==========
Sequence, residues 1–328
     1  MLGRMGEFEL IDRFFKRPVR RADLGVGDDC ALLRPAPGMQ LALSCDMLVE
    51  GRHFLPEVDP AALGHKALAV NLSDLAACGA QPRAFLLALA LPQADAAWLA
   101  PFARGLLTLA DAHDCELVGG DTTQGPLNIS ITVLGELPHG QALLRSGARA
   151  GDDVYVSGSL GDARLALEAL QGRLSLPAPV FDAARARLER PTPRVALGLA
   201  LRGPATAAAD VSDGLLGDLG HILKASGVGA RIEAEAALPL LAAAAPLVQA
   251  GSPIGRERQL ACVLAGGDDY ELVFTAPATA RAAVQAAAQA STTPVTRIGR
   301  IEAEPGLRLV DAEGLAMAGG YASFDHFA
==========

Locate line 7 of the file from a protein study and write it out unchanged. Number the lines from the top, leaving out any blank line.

   251  GSPIGRERQL ACVLAGGDDY ELVFTAPATA RAAVQAAAQA STTPVTRIGR